Food in books, ep.7: All quiet on the Western Front, by Erich Maria Remarque. Food in times of war.
This novel, as well as its author, has a fascinating story. While some literary critics have praised All quiet on the Western Front as one of the most relevant and enticing war novels, others have denied its literary value and simply looked at it as a war reportage. Published in 1929, the novel had immediate, incredible success, selling over a million copies within a year after publication. Four years later, the German authorities banned the book, viewed as detrimental to the German nation. Piles of books were burned, the author being marked as a traitor.
Erich Maria Remarque was enrolled in the Great War in 1917, at the age of 18, as part of the Second Company. He was soon transferred to the Western Front. One month later he was wounded and sent back to a military hospital, in Germany, where he spent the rest of the war. After the Nazi regime banned the book, he fled to Switzerland, later becoming an American citizen. His remaining family faced horrid persecution back in Germany, one of his sisters being murdered by the authorities. As of 1948 he set for Switzerland again and spent the rest of his life there. What happened to Remarque during the war, but also what happened afterwards is nothing but a tragic, dreadful story. I will not attempt to present the storyline, as there is no way to capture it. I will, however, allow myself to advise the esteemed reader to pick up the novel, if there was no opportunity to do so yet.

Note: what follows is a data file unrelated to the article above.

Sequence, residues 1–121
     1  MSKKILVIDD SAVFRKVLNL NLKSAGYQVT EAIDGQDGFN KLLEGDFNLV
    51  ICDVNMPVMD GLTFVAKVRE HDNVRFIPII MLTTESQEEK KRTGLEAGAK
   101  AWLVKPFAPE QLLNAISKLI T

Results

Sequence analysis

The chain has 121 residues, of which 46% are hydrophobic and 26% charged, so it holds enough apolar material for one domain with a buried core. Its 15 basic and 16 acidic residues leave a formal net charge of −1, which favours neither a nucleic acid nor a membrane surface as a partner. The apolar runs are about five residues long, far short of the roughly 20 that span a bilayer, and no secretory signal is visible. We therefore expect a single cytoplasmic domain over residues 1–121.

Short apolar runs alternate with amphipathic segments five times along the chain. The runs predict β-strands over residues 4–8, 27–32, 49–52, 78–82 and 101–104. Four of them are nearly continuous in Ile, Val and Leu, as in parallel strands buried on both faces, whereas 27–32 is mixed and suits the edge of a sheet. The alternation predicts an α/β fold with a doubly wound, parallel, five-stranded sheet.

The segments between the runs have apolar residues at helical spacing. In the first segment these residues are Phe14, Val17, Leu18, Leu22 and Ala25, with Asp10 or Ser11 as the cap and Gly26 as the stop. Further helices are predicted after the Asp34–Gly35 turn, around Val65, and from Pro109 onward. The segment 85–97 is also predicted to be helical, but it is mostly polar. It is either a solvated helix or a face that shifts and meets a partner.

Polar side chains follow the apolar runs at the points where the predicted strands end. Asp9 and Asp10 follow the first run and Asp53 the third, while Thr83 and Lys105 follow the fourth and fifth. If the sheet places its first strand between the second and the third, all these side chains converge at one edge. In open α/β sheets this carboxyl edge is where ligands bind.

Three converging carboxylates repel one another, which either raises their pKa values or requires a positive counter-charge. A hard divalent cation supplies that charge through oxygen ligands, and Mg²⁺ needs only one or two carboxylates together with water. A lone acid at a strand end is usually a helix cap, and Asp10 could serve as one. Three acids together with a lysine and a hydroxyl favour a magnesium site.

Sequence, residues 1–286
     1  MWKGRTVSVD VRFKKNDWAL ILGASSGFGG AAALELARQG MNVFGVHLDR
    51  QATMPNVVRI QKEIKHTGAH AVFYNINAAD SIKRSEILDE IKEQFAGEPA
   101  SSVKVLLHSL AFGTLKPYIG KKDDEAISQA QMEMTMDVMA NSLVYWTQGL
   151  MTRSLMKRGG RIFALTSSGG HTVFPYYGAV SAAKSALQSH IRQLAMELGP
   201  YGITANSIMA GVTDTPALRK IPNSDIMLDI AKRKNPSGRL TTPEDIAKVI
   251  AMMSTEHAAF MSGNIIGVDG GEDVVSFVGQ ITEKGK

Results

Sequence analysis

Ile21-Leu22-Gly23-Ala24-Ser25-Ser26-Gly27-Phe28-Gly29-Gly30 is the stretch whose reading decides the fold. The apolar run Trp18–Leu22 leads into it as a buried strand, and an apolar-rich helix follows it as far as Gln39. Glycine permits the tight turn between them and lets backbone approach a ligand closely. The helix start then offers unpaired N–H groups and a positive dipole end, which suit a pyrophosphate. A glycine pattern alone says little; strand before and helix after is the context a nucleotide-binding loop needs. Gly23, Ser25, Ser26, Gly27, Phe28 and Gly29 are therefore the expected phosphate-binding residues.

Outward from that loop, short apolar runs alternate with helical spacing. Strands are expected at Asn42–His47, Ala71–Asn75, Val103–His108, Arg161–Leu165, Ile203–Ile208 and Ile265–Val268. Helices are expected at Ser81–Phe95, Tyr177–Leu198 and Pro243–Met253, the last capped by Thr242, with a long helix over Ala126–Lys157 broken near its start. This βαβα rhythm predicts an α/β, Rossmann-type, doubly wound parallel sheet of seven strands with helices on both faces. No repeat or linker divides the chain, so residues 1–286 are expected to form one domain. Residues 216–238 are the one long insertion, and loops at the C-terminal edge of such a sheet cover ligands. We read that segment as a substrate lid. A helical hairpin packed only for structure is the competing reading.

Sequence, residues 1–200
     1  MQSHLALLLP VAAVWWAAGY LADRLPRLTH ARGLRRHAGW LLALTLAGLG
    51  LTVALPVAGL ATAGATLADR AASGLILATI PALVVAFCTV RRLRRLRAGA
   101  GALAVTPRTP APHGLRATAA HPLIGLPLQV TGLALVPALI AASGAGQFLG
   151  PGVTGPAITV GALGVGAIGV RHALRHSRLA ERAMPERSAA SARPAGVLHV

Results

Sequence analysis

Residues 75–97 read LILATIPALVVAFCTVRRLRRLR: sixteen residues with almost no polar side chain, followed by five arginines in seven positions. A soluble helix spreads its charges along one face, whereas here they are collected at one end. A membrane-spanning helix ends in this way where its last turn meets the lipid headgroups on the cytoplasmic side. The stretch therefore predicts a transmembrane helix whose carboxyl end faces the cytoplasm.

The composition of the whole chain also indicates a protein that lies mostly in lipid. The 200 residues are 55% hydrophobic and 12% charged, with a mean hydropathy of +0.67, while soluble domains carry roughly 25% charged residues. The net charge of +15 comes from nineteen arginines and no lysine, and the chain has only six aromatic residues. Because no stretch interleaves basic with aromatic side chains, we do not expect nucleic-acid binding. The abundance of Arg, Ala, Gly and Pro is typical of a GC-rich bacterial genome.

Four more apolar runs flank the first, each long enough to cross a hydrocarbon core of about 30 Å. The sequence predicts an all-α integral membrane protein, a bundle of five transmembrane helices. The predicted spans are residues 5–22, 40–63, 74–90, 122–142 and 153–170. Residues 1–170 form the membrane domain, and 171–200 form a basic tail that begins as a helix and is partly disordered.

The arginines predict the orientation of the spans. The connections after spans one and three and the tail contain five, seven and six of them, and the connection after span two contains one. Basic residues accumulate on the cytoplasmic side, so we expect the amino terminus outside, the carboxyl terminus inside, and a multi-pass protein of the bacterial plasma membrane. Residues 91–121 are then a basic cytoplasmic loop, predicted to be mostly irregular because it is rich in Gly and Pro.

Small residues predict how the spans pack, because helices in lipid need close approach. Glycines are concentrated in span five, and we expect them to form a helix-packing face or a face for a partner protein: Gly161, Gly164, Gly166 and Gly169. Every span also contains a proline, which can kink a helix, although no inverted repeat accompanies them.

While my interest in the connection between food and various cultural products is fairly wide, the Food in Books series is particularly close to my heart. Over the previous six episodes, I have explored a variety of literary works where food served as an instrument for constructing or at least supporting the story. Food has acquired different attributes and was portrayed in various capacities: as a means of control, as a marker for national identity or as comforter in troubled times. And yes, food is all these, and much more. Yet, I believe that in Remarque’s shattering novel food is simply food: a means of subsistence, sustainer of life and, ultimately, bringer of joy. Read More